Tuberculosis Control in Taiwan

1986 Vol.2 NO.6

Correspondence Author:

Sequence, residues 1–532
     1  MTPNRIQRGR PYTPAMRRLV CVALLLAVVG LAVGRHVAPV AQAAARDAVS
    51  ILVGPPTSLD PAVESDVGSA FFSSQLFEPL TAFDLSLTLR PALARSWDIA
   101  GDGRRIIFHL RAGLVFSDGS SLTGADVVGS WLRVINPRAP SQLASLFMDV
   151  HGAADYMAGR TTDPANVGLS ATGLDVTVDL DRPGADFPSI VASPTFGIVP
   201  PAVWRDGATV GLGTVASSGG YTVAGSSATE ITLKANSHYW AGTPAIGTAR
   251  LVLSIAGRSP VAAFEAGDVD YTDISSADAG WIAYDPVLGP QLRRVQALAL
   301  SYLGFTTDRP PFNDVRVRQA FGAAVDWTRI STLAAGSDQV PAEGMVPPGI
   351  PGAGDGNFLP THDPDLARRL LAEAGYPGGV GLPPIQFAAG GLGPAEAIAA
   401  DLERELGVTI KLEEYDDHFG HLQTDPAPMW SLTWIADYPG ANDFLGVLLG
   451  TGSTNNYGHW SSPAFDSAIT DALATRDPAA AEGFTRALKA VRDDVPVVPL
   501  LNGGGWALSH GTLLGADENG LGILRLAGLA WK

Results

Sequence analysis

Tuberculosis (TB) control in Taiwan began in the 1950’s with the introduction of BCG vaccine for school children. In 1967, the Taiwan Provincial TB Control Bureau was formed. During the period 1947-1984, the TB mortality rate declined from 294.4 to 11.2 deaths per 100,000 population (Figure 1), and TB dropped from the third to the tenth leading cause of mortality. In addition to declining trends in mortality, island-wide population-based surveys conducted every five years since 1957 have shown a similar decline in the prevalence of TB (Figure 2). These surveys have also provided valuable information about the age, sex, and geographic distribution of TB cases. The prevalence of TB was highest in older age groups in each of the six surveys conducted to date, and the prevalence has declined steadily in all age groups ( Table 1). The sex- specific prevalence rate is higher among males, and in the most recent survey (1982) the male to female ratio of sputum-positive cases was approximately 4: 1. Compared to both large and small cities, thee surveys have shown that towns and villages have the highest prevalence of sputum-positive TB, and that geographically, the prevalence of sputum-positive cases is highest in the east and southwest parts of the island.